By Jennifer Andreu Yarbrough
Hey, y’all! I have been writing for St. Johns Magazine since February and have had the honor of interviewing many amazing members of our community and writing about things that are happening right here in Northwest St. Johns County. Well, Mrs. Debbie, my Publisher has asked me to write something a little more personal, so, here it is. This is the November Food Issue, so I wanted to write to you about one of my all- time favorite, super local, hot-hot-hot food items: the Datil Pepper! Y’all, I could eat Datils in one form or another all day—Datil sauce on my eggs for breakfast, Datil sauce again on my turkey sandwich for lunch and some Datil pepper vinegar on my greens or spinach for dinner! What is a Datil Pepper, you ask? I am here to tell you all about my love for them and 'pepper' in some facts while we’re at it.
Local legend says that the Minorcans brought the Datil Pepper to the area in the late 1700s. Woah, writer lady, what’s a Minorcan? Well, you are “talking” to one, or the descendant of one, and that might be the reason I have a spicy relationship with these peppers. Minorcans were a group of indentured servants primarily from Minorca, Spain, an island in the Mediterranean, brought to New Smyrna Beach in 1768, by Dr. Andrew Turnbull to work on his indigo plantation. Well, what the Minorcans originally thought of as an opportunity turned into a disaster. The brave Minorcans (who also had Italians, Greeks, Corsicans and French in their ranks) fled abuses in New Smyrna and sought safety in St. Augustine. The walk was long and difficult, many died; the ones who survived became part of the tapestry that is St. Augustine, and my peeps.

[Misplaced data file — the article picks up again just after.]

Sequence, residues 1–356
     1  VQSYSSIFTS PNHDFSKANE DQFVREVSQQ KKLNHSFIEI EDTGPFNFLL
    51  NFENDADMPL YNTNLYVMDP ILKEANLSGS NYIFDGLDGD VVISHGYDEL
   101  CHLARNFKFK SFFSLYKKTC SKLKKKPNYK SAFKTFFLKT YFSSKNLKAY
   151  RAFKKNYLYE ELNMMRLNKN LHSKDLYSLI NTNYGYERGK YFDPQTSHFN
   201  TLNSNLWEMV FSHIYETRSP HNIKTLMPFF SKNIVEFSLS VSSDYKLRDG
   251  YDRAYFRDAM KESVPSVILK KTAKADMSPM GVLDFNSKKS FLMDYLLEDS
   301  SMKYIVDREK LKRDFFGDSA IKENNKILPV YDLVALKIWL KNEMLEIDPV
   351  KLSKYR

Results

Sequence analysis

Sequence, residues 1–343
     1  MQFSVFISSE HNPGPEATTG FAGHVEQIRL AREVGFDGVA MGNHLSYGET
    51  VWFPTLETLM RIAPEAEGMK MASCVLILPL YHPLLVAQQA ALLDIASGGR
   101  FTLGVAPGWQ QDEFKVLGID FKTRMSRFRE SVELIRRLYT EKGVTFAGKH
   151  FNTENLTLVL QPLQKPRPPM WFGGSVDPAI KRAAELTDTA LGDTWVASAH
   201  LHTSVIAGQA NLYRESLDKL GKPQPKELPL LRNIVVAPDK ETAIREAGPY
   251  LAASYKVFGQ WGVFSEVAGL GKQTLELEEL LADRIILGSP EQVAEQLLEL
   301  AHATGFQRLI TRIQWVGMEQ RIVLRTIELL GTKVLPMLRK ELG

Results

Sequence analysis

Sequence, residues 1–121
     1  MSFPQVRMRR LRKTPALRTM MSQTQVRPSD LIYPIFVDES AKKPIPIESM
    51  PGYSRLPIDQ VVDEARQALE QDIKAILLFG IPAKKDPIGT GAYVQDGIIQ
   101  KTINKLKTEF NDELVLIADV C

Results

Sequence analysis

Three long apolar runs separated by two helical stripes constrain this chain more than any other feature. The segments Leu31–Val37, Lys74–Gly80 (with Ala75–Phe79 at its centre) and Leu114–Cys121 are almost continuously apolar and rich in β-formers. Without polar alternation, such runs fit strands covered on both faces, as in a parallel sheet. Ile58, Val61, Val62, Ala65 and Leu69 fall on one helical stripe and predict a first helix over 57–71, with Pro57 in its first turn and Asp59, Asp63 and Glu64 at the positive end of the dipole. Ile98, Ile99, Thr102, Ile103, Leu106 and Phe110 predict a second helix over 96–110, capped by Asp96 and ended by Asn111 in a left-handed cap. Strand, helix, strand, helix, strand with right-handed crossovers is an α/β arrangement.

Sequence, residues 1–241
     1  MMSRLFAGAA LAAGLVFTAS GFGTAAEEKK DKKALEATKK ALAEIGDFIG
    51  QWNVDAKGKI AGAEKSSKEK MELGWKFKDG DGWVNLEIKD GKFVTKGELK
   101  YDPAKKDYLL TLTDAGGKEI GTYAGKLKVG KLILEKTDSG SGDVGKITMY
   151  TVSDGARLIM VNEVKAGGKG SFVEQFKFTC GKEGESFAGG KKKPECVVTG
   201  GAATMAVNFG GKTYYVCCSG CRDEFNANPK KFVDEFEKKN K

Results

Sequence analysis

Modern research has shown that while the Minorcans grew Datil peppers and created many recipes with them they may not have brought them here. One such story is that the pepper was brought here by jelly maker, SB Vallas in 1880. No matter what the origin, every Minorcan family has a Datil sauce recipe, and if they share it with you, you should count yourself lucky, ‘cause we are very protective of our sauce!
How does one eat a Datil Pepper, especially since it’s about the same heat as a habanero on the Scoville scale? The answer: very carefully. While some restaurants in St. Augustine have started offering the raw peppers dipped in chocolate, I would suggest you start with a mild pepper jelly, then move up to a mild sauce and/or a smidge of pepper vinegar on your greens. A great idea for the upcoming holiday season—put out a dish of cream cheese topped with datil pepper jelly and a side of crackers—it will be a hit. You are going to love the flavor of these peppers—as my grandma used to say, they’re like the Minorcans—spicy, but sweet, a unique and memorable flavor for sure!